16. Byndpltcs

    Interesting Rocks

    Hello everyone. Fairly new… just found these. Riverside County. Just trying to figure out what they are. They looked pretty interesting. Would anyone know what they are?
  17. Tidgy's Dad

    Adam's Cambrian

    A rangeomorph holdfast trace fossil from the Ediacara formation, Rawnsley quartzite of the Flinders Range, South Australia. This specimen is Medusina mawsoni, so called because it was until recently thought to be a jellyfish, but is now believed to be the attachment point of a fractal rangeomorph as Charniodiscus is the point of anchorage for Charnia sp. This one may have been the holdfast point for some species of Rangea. The diameter of the outer circle is 1.5 cm and the fossil is estimated to be 555 million years old.
  18. LexonTheDragon

    Fossil Imprint or not? If so what is it

    Lake Amador, California (If you need clearer photos just lmk)
  19. Caroline Clausen

    Donated Fossils - Need Help IDing

    I work at a college in Southern California. We've had a lot of donations recently to our science department and some of those donations include fossils. I was able to identify some of them, but there are a few that I am having some trouble with. Some of the other fossils that we received are: Sand dollars, clams, oysters, worm hole casts, a sea cow tooth, a shark tooth, crinoids, brachiopods, scallops, gastropods, and bryozoans. Very few of these fossils included where they were found. The two labels we received said that the sea cow/shark tooth were found in California, as well as some of the sand dollars. Aside from that, I do not know where the fossils were found or what rock layers they were found in. Below are pictures and descriptions of the seven fossils. The above pictures I believe are teeth. In the research that I have done, I think they might be crocodile or alligator teeth. The one on the left is slightly curved, but the one on the right is more straight. Both have four "layers"; a thin outer layer, a second (also thin) layer, a thicker third layer, and then a fourth layer that fills the middle. The surface is bumpy rather than smooth, which is unexpected in regards to teeth. The base (~1cm) is wider than the top (L: ~.5cm, R: ~1cm). Both are about ~2.5cm from base to top. The fossil on the left has a broken tip so it might be longer and more curved than it appears and the base is also broken on a diagonal. I have no real idea what to make of this fossil, but I am thinking that it might be a plant fossil. The top is ~1.5cm in width and the bottom is ~2mm in width. From top to bottom, the fossil is ~3cm. There is a ridge on both of the horizontal "limbs" as well as a half cm ridge starting at the slight dip at the top. What is visible of this fossil appears to be circular and ringed with smaller, inner rings and outer, larger rings. The diameter is ~1.5cm. A few of the other fossils that were donated were crinoids, so I was thinking this might be in the same realm as that, but it is so much larger than all of the crinoids that we were given. I am thinking that these might be clams because we were given an abundance of clams, but I am not certain. The one on the right has small, white crystals (possibly quartz) on the bottom of it. I tried to get a picture of the crystals, but they were far too small. I understand that this is super vague and might not be a lot to go on, but any help would be appreciated!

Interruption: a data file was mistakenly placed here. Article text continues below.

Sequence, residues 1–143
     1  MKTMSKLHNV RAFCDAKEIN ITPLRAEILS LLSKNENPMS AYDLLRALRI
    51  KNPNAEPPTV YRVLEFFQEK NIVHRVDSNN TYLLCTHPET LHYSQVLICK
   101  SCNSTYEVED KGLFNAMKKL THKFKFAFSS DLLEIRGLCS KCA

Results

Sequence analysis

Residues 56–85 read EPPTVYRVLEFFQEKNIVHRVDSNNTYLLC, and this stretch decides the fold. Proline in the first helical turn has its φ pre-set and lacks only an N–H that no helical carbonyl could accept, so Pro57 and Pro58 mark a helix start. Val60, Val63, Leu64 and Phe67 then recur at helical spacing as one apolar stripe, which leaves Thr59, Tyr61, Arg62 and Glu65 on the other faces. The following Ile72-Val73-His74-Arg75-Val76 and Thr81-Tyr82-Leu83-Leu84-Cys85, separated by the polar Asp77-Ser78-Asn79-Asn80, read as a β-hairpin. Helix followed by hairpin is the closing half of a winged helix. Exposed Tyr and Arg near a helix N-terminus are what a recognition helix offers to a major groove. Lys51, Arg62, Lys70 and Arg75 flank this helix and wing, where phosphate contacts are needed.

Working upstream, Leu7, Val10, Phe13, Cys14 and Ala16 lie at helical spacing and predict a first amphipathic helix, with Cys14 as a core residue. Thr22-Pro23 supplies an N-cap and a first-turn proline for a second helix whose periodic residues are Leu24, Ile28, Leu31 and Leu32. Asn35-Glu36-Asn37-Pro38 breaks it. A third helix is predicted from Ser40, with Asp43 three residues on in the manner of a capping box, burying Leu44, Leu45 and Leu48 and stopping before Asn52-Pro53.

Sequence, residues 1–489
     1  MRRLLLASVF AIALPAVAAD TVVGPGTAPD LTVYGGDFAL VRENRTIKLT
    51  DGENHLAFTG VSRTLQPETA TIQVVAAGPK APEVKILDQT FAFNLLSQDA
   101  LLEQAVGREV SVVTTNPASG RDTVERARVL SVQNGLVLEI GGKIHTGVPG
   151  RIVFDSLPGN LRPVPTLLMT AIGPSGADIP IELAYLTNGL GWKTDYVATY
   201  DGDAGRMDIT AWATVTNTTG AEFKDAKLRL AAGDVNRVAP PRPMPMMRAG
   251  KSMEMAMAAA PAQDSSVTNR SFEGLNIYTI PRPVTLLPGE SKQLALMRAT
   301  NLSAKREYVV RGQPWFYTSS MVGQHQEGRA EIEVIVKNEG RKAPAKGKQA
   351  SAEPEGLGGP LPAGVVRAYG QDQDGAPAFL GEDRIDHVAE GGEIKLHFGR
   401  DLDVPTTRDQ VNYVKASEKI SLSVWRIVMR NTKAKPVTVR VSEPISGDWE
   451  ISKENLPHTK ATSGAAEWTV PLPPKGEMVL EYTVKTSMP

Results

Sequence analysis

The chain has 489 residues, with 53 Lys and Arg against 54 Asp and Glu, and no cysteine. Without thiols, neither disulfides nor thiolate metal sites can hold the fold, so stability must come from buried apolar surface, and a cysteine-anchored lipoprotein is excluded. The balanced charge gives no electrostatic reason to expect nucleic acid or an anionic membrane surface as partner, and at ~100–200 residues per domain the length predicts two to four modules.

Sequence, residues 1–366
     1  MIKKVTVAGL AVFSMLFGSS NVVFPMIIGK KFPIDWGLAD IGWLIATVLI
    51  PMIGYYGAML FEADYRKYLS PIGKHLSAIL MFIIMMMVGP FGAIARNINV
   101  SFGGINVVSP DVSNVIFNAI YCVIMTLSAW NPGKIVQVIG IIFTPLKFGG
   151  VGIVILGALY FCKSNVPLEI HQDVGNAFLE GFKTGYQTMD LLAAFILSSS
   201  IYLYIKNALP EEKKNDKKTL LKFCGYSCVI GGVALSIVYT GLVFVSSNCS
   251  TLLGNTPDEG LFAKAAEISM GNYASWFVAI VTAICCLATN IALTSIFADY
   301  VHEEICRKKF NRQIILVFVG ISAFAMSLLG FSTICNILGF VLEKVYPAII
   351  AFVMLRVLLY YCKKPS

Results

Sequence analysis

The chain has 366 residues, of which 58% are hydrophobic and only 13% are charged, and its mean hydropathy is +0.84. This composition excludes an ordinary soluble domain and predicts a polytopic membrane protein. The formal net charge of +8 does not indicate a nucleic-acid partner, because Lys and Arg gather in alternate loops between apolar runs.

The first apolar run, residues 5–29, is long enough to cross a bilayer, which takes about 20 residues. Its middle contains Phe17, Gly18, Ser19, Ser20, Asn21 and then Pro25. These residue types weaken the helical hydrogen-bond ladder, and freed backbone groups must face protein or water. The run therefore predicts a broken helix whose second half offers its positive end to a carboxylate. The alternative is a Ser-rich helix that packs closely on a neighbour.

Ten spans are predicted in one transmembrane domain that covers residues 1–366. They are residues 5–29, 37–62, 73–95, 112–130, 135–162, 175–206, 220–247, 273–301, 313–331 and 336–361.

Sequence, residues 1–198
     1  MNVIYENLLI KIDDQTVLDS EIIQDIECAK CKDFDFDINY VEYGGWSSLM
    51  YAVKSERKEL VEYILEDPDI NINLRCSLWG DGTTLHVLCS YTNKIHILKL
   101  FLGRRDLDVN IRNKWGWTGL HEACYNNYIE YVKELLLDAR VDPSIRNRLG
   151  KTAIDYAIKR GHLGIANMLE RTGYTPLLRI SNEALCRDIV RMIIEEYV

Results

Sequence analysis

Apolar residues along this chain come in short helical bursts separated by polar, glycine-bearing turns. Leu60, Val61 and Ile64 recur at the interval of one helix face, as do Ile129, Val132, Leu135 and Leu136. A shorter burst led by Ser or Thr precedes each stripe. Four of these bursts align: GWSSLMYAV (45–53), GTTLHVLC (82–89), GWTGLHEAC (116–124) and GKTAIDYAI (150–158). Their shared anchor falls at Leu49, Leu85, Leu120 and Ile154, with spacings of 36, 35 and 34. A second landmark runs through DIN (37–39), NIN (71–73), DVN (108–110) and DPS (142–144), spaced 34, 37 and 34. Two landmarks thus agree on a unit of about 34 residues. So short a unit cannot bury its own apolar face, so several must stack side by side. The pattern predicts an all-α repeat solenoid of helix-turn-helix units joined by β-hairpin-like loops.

20. Bobby Rico

    Bakersfield shark tooth IDs

    Hi all Please and thank, help needed,!i struggling to sort out my shark teeth collection. Can any ID this Bakersfield teeth that Doren gave to me. 1.2.3
  21. Fossilizable

    Just dendrites of a weird sort?

    These discolorations, perfectly flush with the rock surface, are in sandstone from the Matilija or Coldstone formation, I think. Some of the pattern suggests dendrites maybe, but perhaps it's organic in origin? About 8 cm long, 3 wide. Ventura County, CA. Thanks!
  22. How Early Humans May Have Transformed L.A.’s Landscape Forever Science Friday, NPR, August 25, 2023 Uncovering Death by Fire 13,000 years ago Micheal Price, Sciences News, August 17, 2023 La Brea Tar Pits Reveal Clues to Mysterious Mass Extinction By Shana Hutchins, Futurity, August 18, 2023 The paywalled paper is: O’Keefe, F.R., Dunn, R.E., Weitzel, E.M., Waters, M.R., Martinez, L.N., Binder, W.J., Southon, J.R., Cohen, J.E., Meachen, J.A., DeSantis, L.R. and Kirby, M.E., 2023. Pre–Younger Dryas megafaunal extirpation at Rancho La Brea linked to fire-driven state shift. Science, 381(6659), p.eabo3594. Yours, Paul H.
  23. gingeraz

    Is this indeed a shark's tooth

    I've been a lurker for a while. First time I've gotten the courage to post. Did I indeed find a shark's tooth, or are my teenagers right to patronize me? This was found on a beach in San Pedro, California.